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Tuesday, 18 February 2020

Mary Ann

The name caught my eye. 

Mary Ann

It was at the top of the old headstone in raised letters. I looked down the stone and saw that she was 23 when she died in 1852, the wife of David Campbell.

Beneath her name was that of a young child, William, of the same man. Was he her child too? What was his cause of death? How did she die at such an early age? Something as simple as a toothache could have been the cause of death. Infections were deadly as were many of the diseases which antibiotics and vaccinations control today. Of course childbirth was a common cause of death for young women.

Did she leave any children giving her descendants who know of or search for her today? I wonder if, like my Mary Ann, she has a great granddaughter who wonders about her?

Mary Ann Pretty died in 1908 of tuberculosis, which had taken her husband and two children previously. Over the next several years, four more would succumb to the deadly disease. Only three children survived, one of whom was my grandfather.

It is interesting to see the name of David Campbell so prominently displayed on this headstone though he is not buried in that spot. Maybe he married again and is interred with another wife. Mary Ann Campbell’s family has interesting items to research.

Can you tell I am knee deep in genealogy these days?

Sunday, 16 February 2020


They dot the countryside, these old buildings, once places of congregation where people prayed and sang hymns of praise for all the big occasions in life and the times between. Now they are decommissioned and up for sale, some bought and repurposed, others left to disintegrate. This is possibly the fate of the old church on a country road west of our city.

It is slowly falling apart, peeling paint and rotting boards,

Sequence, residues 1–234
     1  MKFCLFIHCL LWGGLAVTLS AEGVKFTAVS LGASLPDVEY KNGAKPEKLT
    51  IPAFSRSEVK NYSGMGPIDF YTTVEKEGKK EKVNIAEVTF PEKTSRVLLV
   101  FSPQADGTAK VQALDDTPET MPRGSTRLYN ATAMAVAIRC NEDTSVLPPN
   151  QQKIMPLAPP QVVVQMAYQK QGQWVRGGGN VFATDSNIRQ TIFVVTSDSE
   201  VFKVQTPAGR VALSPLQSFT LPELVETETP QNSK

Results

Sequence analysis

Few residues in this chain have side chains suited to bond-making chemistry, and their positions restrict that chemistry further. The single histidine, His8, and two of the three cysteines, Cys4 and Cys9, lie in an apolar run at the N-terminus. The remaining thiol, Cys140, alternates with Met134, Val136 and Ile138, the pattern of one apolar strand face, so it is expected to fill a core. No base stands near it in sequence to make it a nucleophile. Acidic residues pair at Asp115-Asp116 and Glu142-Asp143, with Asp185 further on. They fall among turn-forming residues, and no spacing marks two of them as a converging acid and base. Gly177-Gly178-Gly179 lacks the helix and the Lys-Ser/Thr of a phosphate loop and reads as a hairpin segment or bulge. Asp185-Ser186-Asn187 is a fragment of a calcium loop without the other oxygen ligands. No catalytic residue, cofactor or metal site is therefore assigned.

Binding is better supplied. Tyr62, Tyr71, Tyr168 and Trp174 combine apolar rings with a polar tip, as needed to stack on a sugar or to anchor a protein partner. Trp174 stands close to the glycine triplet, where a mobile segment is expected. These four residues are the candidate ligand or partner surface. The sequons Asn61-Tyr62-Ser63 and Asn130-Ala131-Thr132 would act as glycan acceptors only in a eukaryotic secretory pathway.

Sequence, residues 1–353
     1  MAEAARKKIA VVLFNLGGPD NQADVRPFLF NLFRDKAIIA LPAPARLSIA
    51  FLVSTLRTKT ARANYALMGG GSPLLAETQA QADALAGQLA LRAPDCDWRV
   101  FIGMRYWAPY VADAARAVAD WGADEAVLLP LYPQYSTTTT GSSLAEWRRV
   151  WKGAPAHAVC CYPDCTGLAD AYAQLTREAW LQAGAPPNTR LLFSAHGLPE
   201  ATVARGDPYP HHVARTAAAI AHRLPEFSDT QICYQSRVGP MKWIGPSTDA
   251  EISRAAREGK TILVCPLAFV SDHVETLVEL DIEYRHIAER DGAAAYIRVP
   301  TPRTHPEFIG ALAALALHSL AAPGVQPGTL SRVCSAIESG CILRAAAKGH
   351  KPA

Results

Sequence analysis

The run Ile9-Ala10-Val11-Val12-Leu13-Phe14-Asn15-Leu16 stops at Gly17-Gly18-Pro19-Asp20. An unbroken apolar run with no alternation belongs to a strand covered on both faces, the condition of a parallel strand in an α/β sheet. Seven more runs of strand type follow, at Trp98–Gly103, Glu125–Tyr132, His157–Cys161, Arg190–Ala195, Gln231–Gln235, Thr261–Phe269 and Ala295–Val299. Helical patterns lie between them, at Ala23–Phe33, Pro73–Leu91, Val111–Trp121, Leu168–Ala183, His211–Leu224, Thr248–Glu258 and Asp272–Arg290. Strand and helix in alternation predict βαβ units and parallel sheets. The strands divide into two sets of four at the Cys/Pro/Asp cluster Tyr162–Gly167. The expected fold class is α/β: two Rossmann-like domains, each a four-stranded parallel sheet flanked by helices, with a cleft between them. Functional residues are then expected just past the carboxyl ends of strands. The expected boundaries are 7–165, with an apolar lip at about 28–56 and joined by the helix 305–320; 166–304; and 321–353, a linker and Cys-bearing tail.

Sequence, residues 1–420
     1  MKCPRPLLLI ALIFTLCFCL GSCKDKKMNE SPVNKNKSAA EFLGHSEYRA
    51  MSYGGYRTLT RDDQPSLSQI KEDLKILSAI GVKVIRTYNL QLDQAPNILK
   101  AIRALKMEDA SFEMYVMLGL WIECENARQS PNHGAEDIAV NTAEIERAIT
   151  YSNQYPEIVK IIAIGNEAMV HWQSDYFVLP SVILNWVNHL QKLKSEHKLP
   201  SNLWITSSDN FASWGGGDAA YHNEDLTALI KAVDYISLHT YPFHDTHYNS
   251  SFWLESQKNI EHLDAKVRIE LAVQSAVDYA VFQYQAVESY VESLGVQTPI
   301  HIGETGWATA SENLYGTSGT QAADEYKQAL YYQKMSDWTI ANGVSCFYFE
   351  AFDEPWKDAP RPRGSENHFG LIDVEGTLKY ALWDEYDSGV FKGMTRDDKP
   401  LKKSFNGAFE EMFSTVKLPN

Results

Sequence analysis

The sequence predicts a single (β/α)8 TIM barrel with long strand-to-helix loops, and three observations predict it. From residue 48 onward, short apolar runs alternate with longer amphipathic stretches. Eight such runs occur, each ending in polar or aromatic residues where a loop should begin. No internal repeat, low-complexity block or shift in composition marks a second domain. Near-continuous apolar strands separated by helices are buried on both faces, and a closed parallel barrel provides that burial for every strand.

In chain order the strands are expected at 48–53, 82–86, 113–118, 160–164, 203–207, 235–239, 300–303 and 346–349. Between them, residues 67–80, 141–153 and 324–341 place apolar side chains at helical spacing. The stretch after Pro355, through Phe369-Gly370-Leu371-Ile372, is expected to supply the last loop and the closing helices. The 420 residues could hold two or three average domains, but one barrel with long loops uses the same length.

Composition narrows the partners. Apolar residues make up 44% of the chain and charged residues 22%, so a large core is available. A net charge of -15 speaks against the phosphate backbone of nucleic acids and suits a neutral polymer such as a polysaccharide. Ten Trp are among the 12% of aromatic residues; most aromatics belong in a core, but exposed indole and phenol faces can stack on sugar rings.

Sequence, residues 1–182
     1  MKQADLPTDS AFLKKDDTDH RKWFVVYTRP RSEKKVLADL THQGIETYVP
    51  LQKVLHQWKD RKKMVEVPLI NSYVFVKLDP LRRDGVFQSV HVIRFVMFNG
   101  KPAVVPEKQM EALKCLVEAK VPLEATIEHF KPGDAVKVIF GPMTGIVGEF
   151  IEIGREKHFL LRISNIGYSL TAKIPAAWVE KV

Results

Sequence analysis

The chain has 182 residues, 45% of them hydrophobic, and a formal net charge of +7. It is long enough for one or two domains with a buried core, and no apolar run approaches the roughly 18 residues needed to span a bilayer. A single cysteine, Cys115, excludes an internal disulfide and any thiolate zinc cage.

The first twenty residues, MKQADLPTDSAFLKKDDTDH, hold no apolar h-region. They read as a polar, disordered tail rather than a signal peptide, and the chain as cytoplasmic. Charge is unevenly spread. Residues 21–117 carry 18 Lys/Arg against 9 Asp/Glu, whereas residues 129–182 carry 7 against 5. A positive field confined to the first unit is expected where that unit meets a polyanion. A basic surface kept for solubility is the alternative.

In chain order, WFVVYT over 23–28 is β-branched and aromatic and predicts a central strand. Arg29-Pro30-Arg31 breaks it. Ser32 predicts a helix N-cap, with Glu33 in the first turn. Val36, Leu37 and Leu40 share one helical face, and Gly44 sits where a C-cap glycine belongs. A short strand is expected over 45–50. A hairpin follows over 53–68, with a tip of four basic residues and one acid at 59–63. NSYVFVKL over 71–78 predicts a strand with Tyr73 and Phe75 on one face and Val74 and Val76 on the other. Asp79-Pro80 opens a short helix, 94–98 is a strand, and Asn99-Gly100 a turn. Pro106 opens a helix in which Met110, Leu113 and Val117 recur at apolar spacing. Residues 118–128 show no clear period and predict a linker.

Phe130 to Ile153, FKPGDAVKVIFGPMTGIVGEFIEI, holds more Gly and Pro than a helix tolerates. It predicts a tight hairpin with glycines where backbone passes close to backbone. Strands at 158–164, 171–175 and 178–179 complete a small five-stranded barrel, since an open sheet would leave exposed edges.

without a time of service posted or even a name. There is nothing welcoming about this building. Former congregants, having passed to their eternal rest, fill the yard, the old headstones doing the best they can to stand vigil. 

Someone has placed the fallen ones to lean against the walls. On this cold day in February, as I walk around the building and through the cemetery, the silence and cold envelop me like a shroud.

This was a Presbyterian Church, the second here in Birch Hill, the congregation having outgrown the first built in 1800. This building was started in 1858. In 1925, when the United Church of Canada formed from four Protestant religions, including Presbyterian, the congregation of this church split, some joining the United Church. They built a new church in 1928, across the road from the Presbyterian building. The United Church is still in use and in good repair. 

Meanwhile the older building is crumbling.

Behind the church, among more headstones, three white birds which looked like Willow ptarmigan, flew off as I approached. We surprised each other. 

However it was not surprising but somehow fitting to see such beautiful white creatures here among the ruins.

Thursday, 13 February 2020

The homestead

One day recently, in spite of the weather, my husband and I took the cameras and headed out, this time west of Summerside. It had been November when we last took a photo excursion. It was long overdue.